IBM To Provide Free Help For Houston

Houston is one of a handful of cities in the U.S. picked by IBM to take part in it's smarter cities project. That means for the next three weeks, five IBM specialists will be in town to help the city find better ways to provide services using the internet.

The City of Houston is getting what amounts to about 400,000 dollars of free consulting work by IBM. Mayor Parker already has a plan for the workers use.

"They’re going to be working primarily with the Department of Neighborhoods, which is our primary outreach arm to citizens. Do you have the information you need? How would you get better information? How can we communicate better and efficiently with you? We have lots of data, but we may not be providing information as it is best needed by the citizens."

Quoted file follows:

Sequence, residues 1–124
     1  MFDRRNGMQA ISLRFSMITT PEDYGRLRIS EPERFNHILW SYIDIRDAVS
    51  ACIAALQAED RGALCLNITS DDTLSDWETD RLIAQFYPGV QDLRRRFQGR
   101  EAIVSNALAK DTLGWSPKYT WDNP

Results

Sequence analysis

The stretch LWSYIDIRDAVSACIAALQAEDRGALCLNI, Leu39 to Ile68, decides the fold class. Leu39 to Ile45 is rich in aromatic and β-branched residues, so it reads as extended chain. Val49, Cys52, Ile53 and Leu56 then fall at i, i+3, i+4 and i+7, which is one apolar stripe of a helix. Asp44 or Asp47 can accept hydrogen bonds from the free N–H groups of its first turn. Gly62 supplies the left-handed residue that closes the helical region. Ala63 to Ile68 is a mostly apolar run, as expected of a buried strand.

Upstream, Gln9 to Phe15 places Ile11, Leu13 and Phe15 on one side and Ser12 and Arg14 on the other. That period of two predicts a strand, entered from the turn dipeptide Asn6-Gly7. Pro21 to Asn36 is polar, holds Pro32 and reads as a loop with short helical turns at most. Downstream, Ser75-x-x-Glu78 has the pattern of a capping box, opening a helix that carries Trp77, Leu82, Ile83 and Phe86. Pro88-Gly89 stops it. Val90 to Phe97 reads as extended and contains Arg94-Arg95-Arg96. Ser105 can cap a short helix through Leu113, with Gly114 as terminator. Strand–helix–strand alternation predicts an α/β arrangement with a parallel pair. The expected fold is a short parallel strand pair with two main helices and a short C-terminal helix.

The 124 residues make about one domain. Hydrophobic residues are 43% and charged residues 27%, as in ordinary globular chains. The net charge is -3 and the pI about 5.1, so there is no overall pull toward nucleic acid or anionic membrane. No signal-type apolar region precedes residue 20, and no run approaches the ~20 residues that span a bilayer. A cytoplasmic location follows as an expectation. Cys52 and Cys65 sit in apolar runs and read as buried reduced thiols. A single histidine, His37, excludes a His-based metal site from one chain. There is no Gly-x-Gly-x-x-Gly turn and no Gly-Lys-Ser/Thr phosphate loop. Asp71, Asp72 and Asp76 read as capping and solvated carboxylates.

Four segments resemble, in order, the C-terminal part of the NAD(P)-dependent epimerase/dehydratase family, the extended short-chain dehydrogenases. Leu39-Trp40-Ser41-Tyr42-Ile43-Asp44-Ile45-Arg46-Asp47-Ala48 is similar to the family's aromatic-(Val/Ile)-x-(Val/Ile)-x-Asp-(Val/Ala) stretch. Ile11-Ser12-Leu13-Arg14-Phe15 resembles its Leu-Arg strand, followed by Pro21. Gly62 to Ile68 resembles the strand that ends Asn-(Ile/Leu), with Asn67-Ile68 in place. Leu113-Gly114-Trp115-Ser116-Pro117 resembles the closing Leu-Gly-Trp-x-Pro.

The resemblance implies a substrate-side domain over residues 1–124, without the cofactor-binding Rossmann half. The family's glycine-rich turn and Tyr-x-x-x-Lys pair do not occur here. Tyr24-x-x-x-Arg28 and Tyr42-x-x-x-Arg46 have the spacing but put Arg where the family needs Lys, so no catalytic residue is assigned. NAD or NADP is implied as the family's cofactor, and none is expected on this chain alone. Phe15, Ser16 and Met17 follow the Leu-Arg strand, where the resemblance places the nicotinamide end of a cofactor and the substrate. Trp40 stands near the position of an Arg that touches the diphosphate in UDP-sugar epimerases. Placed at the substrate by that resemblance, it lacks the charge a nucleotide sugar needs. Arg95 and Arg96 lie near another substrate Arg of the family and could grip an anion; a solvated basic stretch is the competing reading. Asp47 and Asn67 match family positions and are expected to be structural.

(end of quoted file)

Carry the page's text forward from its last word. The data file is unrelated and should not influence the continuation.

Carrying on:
Houston is one of 100 or more cities world wide picked for the smarter cities project. Each city is supposed come up with a specific list of areas or problems the specialists will work on.

"We know we have transportation issues, We know we have health care issues. We know we have a range of issues."

IBM’s Beth Tracey says solving  issues by way of the internet will mean getting to know  the city of Houston a little better.

"We come into your city and we meet with all the stakeholders to have informed conversations to understand the issues, and then to start to map out what that would look like."

The ultimate goal is to find ways for the city to better partner with community organizations and create better ways for the public to get the  information it needs online. Although the team will have just three weeks to come up with these solutions, the mayor says the city will take all the help it can get.